RBI has scope to cut rates, feels IMF

But it tells advanced countries, especially the US Federal Reserve not to raise interest rates

GN Staff | September 4, 2015


#Imf   #rbi   #international monetary front   #reserve bank of india   #inflation  

While asking the central banks of advanced economies to "maintain supportive policies" and refrain from raising interest rates too quickly, the International Monetary Front (IMF) has said that there is room for the Reserve Bank of India to cut rates.

However, it said "while the faster-than-expected fall in inflation has created space for considering modest cuts in the nominal policy rate, medium-term inflationary pressures and upside risks to inflation remain."

The caution and advise are part of IMF report on Global Prospects and Policy Challenges being released ahead of G-20 meeting in Ankara, Turkey.

Earlier, IMF had been consistently demanding tight monetary stance in case of India, so in a way this is its partial shift of the policy advice. But, it balances the advise by warning against upside risks to inflation.

Though it did not give details of these risks, those may come from damage to rabi crops if monsoon does not progress well in September.

The RBI is widely expected to cut rates in its policy review later this month, or even earlier.

IMF said near-term growth prospects remain favourable and external vulnerabilities have decreased, but here also it cautioned against some macroeconomic imbalances.

It talked of balance sheet strains in the corporate and banking sectors. To tackle this, it prescribed that financial sector regulation be enhanced, provisioning increased, and debt recovery strengthened.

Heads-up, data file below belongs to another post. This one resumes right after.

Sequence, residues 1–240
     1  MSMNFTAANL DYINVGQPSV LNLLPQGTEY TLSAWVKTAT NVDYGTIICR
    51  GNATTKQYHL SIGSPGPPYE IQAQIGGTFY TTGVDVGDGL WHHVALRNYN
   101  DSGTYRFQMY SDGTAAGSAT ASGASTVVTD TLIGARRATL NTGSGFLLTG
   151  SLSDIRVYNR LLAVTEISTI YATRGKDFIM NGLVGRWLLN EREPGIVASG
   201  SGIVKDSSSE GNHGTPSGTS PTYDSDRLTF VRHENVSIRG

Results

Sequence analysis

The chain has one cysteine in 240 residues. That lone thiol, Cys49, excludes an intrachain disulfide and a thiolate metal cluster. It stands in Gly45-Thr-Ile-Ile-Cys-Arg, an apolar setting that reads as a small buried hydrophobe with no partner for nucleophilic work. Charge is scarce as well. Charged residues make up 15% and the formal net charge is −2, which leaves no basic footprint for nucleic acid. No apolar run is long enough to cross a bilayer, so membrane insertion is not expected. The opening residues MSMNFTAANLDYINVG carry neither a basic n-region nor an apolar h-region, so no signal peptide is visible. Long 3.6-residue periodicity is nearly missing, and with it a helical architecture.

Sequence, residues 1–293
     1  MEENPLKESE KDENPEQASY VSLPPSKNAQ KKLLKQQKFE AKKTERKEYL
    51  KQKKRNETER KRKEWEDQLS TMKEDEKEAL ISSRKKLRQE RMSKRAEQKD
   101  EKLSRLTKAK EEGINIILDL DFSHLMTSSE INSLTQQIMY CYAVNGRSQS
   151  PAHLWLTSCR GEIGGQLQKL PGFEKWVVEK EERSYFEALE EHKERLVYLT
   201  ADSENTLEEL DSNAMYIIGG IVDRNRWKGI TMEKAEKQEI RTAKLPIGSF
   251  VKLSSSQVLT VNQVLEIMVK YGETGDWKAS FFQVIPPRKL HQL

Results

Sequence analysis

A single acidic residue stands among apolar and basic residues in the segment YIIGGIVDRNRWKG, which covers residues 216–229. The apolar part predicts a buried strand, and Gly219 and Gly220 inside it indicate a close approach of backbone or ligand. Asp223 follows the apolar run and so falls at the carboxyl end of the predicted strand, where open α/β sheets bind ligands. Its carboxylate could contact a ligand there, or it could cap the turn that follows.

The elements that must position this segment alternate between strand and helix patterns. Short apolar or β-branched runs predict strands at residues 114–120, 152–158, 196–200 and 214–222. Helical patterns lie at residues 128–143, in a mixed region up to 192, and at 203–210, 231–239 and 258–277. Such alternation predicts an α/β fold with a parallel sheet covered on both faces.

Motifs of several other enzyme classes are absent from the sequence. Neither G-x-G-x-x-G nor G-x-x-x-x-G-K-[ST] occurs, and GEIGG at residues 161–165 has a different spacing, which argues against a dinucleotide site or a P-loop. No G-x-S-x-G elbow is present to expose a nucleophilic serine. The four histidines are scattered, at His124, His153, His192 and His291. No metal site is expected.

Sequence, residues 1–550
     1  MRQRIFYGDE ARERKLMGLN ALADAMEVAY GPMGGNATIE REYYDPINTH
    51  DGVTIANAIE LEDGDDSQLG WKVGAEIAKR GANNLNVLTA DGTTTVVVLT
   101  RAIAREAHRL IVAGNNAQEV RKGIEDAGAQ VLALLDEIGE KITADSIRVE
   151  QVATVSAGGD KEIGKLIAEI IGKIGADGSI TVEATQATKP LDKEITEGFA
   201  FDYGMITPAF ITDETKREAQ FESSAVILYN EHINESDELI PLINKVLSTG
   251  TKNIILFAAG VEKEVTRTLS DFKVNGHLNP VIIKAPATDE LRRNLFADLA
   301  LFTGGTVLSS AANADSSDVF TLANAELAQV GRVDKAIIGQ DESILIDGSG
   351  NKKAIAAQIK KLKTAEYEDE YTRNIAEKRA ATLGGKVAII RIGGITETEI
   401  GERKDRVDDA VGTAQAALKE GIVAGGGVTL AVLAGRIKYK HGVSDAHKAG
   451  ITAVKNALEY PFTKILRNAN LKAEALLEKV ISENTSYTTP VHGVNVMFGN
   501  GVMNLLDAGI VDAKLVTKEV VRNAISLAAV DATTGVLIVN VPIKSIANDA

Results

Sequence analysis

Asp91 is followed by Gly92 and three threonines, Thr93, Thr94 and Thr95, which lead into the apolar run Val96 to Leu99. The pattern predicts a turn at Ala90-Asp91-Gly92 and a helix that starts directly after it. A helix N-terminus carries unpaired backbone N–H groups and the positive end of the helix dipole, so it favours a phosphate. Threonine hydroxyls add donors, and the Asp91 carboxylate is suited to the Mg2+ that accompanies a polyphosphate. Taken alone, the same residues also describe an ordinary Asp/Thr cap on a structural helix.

It said growth in India, one of the world’s largest commodity importers, will benefit from recent policy reforms, a consequent pickup in investment, and lower commodity prices.

IMF's observation comes at a time when economic expansion in India slowed down to 7% in the first quarter of the current financial year against 7.5% in the previous quarter.

The multi-lateral agency said domestic demand in India is accelerating, underpinned by the collapsing commodity-import prices. Despite lower growth in India, it remains one of the fastest growing large economies along with China. This is when IMF said global growth remains moderate, reflecting a further slowdown in emerging economies and a weak recovery in advanced economies.

Also, it warned that its earlier projections for economic growth of emerging markets and developing economies would face downward risks from rising financial market volatility, declining commodity prices, weaker capital inflows, and depreciating emerging market currencies.

Meanwhile, the IMF warned that risks to the global economy are mounting amid slowing growth in China, tanking emerging economies and unease over international financial markets.

In view of these challenges, the IMF urged the central banks of advanced economies to refrain from raising interest rates too quickly.

The IMF said the performance of many economies is again falling short of expectations.